The director-general of the Finance Ministry, Alain Bifani, said the main advantage of the 2012 draft budget is that it is the first of its kind in the past eight years.
Bifani, who was giving a lecture about the state of the Treasury at the Press Club, said this budget lacked taxes and salary scales for government employees, adding that these points were among the bill’s weaknesses.
“This budget represents the government’s program over the past year. The budget should have been comprehensive but this [goal] was not actually realized up until now. But there are attempts to make this bill more comprehensive,” Bifani said.
He added that not too long ago the enormous electricity spending had not been noted in the state’s budget.
“All spending, including allocations for electricity, should have been mentioned in the budgets in order to present all the closing accounts. But regrettably the closing of accounts were never presented over the past few years or had been hastily prepared,” Bifani explained.
He said the government did not include the salary scale in the new budget, perhaps because its was under the impression that this issue would require more time to prepare.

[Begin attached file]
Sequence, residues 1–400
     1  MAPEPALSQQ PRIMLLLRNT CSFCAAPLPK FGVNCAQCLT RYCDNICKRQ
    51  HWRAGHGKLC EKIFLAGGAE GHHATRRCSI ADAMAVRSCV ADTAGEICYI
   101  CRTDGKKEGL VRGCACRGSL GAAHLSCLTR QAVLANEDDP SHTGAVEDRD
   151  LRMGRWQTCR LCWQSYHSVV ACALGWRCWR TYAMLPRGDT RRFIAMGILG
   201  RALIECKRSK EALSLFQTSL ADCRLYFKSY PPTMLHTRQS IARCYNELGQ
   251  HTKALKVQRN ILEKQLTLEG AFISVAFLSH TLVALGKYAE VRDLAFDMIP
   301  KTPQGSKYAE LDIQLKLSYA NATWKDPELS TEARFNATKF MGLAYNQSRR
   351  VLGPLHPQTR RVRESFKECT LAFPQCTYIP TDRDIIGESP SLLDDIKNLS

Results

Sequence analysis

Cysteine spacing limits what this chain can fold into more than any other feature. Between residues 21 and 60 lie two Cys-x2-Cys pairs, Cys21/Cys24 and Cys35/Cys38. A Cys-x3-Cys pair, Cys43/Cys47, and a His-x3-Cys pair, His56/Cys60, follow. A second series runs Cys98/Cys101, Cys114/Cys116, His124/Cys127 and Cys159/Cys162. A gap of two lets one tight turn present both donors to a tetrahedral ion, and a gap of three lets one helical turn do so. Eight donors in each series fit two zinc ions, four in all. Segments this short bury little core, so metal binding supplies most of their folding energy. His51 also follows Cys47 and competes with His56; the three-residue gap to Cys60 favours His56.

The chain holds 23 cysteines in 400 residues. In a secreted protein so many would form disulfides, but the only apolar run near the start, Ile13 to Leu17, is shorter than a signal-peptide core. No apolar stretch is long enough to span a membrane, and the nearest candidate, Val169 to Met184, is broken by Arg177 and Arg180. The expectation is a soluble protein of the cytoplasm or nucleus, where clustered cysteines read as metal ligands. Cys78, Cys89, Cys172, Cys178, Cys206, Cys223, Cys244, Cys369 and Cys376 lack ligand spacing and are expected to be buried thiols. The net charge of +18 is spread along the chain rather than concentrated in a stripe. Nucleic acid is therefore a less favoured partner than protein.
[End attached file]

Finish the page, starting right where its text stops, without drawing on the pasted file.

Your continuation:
“The government has a feeling that it cannot continue spending without having legal constraints. The new budget did not include an earlier proposal to raise the value added tax by 2 percent, which was approved by the Paris III donor conference in 2006,” Bifani said.
He added that the new bill, which has yet to be approved by Parliament, also did not include a proposal to raise the taxes on interest rates on customer deposits from 5 to 7 percent.
“I can tell you from now there will be a heated debate in Parliament over the new bill on the grounds that, ‘how can you endorse the budget without a closing of accounts?’” he said.
He underlined the need to complete all the auditing on the closing of accounts for all the previous years.
Bifani added that total government revenues over the past three years have declined in comparison to the country’s GDP.
He said most of the taxes in Lebanon have focused on consumer taxes such as VAT and taxes on cellphone calls.
“The taxes on wealth are almost nonexistent,” the director-general said, alluding to taxes on capital gains and higher incomes.